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?Babies Can't Wait' for help

By Ed Brock

Watching her young son and a friend's daughter playing together was the first sign Wanda Hernandez had that something was wrong.

"I noticed that by age two my son and her daughter were not having the same verbal ability," Hernandez said.

Hernandez, who lives in Jonesboro, would soon learn that her son, now 12, had a form of autism. Over the years following her son's diagnosis Hernandez would become essentially a self-educated expert on Autism Spectrum Disorder, so on Monday when she attended a seminar on ASD sponsored by the "Babies Can't Wait" program she didn't have much else to learn.

But she was glad that others were attending the workshop in the Clayton College & State University Continuing Education Building.

"This is very good for everybody," Hernandez said. "This information is wonderful. All of this not usually available."

Monday's workshop was the second of two held by "Babies Can't Wait," an agency of the Georgia Department of Human Resources that seeks to identify and treat babies from birth to 3 years old with severe developmental problems. There are currently 190 children enrolled in the early intervention program, said Babies Can't Wait Early Intervention Coordinator for Clayton County Nona Lindberg.

Some of the children suffer from Category 1 disorders, Lindberg said, those being disorders that are well known such as ASP.

"And then there are children who are significantly delayed and we don't know what happened," Lindberg said. "We've seen an increase in diagnosis of children with autism."

Attendees at the workshop, including health care workers and others, learned about the signs of autism in young children from Dr. Marshalyn Yeargins and Dr. Cathy Rice with the Centers for Disease Control and Prevention in Atlanta. Those signs include a pattern of behavior dealing primarily with socialization and communication.

They can include delay or total lack of development of spoken language, failure to develop strong peer relationships, stereotyped and repetitive use of language, lack of social and emotional reciprocity or inflexible adherence to specific nonfunctional routines or rituals.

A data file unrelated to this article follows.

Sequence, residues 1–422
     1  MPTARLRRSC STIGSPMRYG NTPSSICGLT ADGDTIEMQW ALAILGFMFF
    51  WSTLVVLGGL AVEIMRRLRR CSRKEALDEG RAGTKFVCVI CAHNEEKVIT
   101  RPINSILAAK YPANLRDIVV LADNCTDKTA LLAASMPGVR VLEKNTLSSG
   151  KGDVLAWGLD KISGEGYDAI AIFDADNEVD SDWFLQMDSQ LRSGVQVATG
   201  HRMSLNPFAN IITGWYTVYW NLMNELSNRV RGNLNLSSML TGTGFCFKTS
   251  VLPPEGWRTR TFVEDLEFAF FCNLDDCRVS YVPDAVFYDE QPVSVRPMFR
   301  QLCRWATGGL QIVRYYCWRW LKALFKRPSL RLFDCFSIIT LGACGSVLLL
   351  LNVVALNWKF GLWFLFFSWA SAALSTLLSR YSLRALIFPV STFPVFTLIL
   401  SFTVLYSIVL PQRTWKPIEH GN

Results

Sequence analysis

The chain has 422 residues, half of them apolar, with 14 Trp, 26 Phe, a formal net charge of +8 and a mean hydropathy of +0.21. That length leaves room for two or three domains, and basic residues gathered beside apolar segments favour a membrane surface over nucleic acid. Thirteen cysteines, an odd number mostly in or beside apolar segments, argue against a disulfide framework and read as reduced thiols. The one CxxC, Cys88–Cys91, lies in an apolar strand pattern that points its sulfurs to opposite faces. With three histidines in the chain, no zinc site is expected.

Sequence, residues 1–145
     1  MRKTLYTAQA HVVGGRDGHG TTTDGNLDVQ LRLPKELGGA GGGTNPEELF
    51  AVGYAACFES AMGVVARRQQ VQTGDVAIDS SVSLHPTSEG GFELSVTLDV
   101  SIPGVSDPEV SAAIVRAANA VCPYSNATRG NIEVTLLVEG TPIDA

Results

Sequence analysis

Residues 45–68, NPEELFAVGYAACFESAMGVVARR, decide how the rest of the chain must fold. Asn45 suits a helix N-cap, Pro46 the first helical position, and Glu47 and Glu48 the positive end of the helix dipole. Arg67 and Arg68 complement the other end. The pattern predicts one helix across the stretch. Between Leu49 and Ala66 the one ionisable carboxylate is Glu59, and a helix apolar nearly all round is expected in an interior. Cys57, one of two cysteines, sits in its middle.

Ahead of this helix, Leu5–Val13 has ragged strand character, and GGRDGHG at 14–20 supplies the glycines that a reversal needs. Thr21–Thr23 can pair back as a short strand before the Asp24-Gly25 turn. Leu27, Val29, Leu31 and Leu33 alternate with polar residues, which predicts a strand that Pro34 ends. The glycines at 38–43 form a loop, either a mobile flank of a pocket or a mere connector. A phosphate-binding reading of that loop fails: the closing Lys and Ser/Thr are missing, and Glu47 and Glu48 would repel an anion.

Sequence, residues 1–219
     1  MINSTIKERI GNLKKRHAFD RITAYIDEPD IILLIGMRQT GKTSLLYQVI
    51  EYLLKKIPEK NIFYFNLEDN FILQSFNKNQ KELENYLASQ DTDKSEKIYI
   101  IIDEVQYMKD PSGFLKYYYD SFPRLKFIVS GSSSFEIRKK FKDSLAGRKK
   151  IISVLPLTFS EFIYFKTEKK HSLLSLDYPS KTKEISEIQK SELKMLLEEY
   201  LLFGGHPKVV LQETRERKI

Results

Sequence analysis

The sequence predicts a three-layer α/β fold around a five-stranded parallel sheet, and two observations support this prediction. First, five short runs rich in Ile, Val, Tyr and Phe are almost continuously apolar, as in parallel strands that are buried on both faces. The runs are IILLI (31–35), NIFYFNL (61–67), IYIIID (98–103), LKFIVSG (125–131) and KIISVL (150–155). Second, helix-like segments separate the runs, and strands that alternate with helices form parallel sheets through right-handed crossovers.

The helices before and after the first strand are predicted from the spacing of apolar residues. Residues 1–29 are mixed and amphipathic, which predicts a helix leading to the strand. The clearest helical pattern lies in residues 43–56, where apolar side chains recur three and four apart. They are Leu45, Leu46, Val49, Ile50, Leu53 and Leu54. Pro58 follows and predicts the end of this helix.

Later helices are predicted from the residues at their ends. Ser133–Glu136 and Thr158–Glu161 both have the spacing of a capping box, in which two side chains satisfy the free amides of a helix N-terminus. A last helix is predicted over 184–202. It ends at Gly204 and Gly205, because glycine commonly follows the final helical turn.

"It doesn't mean the child is weird or odd or dangerous," Yeargins said. "There are a lot of things that people can get concerned about when they don't really understand the condition."

The workshop was also a chance at a reunion for Dr. Ann Reynolds, a graduate of Jonesboro High School and Emory University who is currently working in the Child Development Unit at the Children's Hospital in Denver and the JFK Clinic for Autism and Developmental Disorders. Yeargins, who served as a one-day mentor for Reynolds when Reynolds was about to enter medical school, invited Reynolds to speak at the seminar.

Reynolds is now working with Yeargins on a CDC project to study gastrointestinal and sleeping problems among autistic youth and whether there is a connection between such problems and other problems with the child's nervous system.

"That's one of the things we're going to look at in the CDC study, to see what kinds of symptoms they have and if they have them more frequently than other children," Reynolds said.

Speaking in front of a hometown audience was "different," Reynolds said.

"Even the people I don't know, they know my parents and my brother," Reynolds said.

Her older brother, who suffers from mental retardation, was one inspiration for Reynolds to enter the field she is in and her father, Bob Reynolds, is a former officer in the state and county Association of Retarded Citizens and is a current board member of the Clayton Community Service Board.

For more information on Babies Can't Wait and the symptoms of delayed development call (770) 960-9961.